Amidst the blur of reaction and analysis of Windsor [the recent Supreme Court decision that threw out the Defense of Marriage Act (DOMA), a federal law enacted by Congress in 1996 that allows states to refuse to recognize same-sex marriages performed under the laws of other states – editor] upon its release yesterday, I didn’t hear or see any discussion of Obama’s role in setting up the posture of this case.
“Although “the President . . . instructed the Department not to defend the statute in Windsor,” he also decided “that Section 3 will continue to be enforced by the Executive Branch” and that the United States had an “interest in providing Congress a full and fair opportunity to participate in the litigation of those cases.” Id., at 191–193. The stated rationale for this dual-track procedure (determination of unconstitutionality coupled with ongoing enforcement) was to “recogniz[e] the judiciary as the final arbiter
of the constitutional claims raised.” Id., at 192.”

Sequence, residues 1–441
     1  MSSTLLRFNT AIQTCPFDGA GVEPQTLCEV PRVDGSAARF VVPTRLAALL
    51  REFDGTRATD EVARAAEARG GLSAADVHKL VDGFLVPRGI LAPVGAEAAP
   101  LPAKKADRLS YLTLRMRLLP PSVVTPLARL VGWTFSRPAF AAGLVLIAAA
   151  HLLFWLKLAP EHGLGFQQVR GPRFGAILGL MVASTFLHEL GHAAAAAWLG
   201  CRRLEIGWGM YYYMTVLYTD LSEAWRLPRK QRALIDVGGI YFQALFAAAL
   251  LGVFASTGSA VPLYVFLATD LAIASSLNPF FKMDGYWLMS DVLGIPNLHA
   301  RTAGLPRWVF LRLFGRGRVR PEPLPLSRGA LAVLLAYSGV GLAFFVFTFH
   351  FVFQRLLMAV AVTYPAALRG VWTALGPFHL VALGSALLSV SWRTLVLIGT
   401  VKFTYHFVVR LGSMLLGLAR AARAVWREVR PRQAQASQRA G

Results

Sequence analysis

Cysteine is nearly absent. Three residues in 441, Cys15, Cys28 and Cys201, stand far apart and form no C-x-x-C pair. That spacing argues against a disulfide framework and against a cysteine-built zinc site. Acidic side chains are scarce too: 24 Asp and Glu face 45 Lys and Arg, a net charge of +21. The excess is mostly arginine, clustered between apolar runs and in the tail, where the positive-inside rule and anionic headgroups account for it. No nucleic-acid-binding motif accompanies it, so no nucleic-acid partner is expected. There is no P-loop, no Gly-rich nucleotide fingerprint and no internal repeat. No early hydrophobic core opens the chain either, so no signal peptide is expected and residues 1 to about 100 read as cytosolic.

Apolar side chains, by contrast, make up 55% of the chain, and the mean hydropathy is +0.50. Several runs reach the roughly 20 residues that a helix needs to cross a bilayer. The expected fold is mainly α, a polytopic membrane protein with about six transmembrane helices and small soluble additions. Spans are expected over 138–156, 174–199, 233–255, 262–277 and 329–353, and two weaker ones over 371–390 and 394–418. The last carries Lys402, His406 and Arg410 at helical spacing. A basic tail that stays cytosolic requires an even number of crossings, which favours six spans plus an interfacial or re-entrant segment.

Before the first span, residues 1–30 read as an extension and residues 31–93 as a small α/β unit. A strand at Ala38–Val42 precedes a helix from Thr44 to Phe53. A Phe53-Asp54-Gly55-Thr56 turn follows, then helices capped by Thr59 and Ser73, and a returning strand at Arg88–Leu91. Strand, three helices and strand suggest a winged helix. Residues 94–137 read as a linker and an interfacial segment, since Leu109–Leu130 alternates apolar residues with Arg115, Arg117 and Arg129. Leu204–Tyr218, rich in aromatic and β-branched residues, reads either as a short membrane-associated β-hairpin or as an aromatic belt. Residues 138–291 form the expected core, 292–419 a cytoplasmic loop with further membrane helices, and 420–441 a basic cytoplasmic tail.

By clearly delineating the roles of the branches thusly, the administration forestalled any reasonable argument the Court could have made to avoid deciding the case on its merits on the grounds that it would be undue judicial activism. The President made his position clear, and by having Congress, as the voice of the citizenry, defend the Act, the President forced the judiciary to fulfill its role.
Windsor is a powerful precedent and represents a generational step forward for civil rights in our country; it will be analyzed, discussed, and applied for years. I just want to point out the deftness of Obama’s handling of the issue. It employed a nice balance of moral persuasion with a proper understanding of the separation of powers in the Federal government, and it was done quietly, in the background. I just hope history affords Obama the credit he is due for making the Federal government work as it was intended to work.